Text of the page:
Abramo is the author of Catching Water in a Net, winner of the St. Martin’s Press/Private Eye Writers of America Award for Best First Private Eye Novel; and the subsequent Jake Diamond private eye mysteries Clutching at Straws, Counting to Infinity and Circling the Runway.
Gravesend, Abramo’s acclaimed stand-alone crime thriller from Down & Out Books, was released in September 2012. Chasing Charlie Chan, a prequel to the Jake Diamond private eye series, was released in 2013.
On the podcast, following the interview, Joe also reads an excerpt from his latest work.
This episode is a live recording from workshop held Saturday, March 12 in Denver at the Ross Cherry Creek Branch Library.
The workshop was designed as a primer for the annual Colorado Gold Contest, which opens April 1.
The workshop was hosted by contest co-chair Pam Nowak and veteran contest winner Kevin Wolf.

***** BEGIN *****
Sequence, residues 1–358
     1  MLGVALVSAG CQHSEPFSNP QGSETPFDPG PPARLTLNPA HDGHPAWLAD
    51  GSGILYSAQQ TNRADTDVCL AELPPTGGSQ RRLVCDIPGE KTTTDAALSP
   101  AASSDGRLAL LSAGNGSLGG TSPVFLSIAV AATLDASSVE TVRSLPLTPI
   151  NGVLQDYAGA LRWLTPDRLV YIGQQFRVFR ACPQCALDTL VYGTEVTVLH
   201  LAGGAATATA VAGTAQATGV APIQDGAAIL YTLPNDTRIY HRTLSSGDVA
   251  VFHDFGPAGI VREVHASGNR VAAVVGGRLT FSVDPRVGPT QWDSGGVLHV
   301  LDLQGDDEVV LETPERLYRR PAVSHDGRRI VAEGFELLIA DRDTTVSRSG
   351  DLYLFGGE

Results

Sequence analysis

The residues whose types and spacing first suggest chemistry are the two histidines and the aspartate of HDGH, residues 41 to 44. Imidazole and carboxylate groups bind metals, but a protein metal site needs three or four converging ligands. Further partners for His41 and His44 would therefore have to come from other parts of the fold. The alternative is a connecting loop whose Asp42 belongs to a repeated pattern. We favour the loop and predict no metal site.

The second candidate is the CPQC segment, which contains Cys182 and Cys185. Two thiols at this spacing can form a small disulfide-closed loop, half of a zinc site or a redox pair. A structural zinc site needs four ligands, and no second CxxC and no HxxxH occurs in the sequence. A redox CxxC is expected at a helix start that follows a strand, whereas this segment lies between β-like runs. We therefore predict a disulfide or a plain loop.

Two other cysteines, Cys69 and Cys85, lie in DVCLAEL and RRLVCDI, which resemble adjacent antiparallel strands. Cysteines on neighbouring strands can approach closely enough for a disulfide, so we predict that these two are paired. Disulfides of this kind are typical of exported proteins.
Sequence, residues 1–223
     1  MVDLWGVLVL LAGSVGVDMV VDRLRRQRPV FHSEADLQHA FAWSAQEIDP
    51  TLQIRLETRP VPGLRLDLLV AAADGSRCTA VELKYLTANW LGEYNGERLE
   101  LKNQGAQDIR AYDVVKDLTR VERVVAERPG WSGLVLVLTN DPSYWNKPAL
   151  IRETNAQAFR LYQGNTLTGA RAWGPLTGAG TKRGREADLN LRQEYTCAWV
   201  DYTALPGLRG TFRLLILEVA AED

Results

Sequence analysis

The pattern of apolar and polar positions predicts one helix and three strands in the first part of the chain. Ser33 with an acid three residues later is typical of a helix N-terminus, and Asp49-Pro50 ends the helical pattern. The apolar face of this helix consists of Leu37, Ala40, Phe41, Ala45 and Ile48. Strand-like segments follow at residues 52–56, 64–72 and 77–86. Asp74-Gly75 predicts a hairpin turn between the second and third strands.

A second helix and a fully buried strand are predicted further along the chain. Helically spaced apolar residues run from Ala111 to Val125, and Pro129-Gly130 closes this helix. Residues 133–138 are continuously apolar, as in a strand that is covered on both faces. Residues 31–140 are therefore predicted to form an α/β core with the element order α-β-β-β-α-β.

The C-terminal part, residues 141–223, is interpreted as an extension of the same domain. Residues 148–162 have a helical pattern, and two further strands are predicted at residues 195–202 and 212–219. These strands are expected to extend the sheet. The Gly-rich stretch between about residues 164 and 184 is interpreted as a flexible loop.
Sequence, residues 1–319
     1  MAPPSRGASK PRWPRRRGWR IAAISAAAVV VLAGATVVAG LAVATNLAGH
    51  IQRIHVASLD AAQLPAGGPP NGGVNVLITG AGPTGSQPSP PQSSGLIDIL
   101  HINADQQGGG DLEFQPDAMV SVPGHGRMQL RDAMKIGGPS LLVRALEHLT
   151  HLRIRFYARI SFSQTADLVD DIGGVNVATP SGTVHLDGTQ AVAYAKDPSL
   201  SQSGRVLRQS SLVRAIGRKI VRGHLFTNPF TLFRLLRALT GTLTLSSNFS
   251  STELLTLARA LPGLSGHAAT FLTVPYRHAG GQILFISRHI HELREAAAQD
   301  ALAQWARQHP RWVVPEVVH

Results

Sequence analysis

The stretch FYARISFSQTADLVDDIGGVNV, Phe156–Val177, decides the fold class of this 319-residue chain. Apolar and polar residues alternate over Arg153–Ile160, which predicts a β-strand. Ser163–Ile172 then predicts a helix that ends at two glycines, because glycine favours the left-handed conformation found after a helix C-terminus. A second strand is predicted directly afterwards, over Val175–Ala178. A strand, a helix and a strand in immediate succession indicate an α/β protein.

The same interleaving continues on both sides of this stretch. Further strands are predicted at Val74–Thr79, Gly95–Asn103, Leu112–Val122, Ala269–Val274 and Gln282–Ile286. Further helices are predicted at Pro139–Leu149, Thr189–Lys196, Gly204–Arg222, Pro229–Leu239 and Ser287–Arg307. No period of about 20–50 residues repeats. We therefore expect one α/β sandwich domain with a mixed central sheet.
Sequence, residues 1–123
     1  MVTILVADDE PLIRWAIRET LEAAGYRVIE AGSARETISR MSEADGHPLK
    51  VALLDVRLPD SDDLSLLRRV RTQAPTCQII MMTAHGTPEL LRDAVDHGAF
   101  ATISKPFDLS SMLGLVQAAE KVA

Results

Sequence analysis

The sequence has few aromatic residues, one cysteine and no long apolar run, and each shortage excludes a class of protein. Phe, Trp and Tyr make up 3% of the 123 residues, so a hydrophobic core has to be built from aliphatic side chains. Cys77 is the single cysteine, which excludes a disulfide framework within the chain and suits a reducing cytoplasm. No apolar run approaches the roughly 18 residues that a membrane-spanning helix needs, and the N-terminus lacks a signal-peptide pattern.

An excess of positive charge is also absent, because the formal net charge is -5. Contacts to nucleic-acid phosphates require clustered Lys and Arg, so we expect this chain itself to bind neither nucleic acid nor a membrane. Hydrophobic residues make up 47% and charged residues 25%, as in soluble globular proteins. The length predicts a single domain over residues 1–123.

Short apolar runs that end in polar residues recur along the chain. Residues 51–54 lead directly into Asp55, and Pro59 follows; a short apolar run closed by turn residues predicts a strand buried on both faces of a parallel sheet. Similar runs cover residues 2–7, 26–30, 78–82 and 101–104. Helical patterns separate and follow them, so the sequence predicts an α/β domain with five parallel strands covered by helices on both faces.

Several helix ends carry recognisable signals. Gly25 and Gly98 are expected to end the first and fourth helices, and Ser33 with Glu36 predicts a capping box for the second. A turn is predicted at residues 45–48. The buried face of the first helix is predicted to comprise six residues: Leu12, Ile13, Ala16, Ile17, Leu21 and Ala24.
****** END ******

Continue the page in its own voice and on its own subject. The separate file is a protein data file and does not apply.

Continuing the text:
This live recording runs just about an hour. As Pam makes clear, many questions about the contest and how it’s run are easily found under the "contest" tab elsewhere on website. On this recording, Pam and Kevin emphasize some key tips that should help you get your manuscript in contest-ready shape.
The guest this time is Marc Graham--an actor, singer, bard, engineer, Freemason, and whisky aficionado. And writer. Graham just sold Of Ashes and Dust, his first historical novel, to Five Star. Graham talks about the long journey to publication, his approach to researching historical fiction, his writing process and the chance meeting that led to a publication contract.
This podcast includes Marc reading the prologue to Of Ashes and Dust.
Wendy Terrien has been writing stories since she was in grade school. Her debut novel The Rampart Guards, which received a starred review from Kirkus, is the first in her urban fantasy series.
Inspired by an episode of the television show "Bones" that suspected a killer to be a fabled chupacabra, Wendy was fascinated and dove into research about cryptozoology - the study of animals that may or may not exist, or cryptids. Pouring over stories, videos and photographs of creatures others had seen all over the world, Wendy developed her own story to share with middle grade, young adult and grown-up readers.
This episode includes Wendy's reading of the first chapter of The Rampart Guards.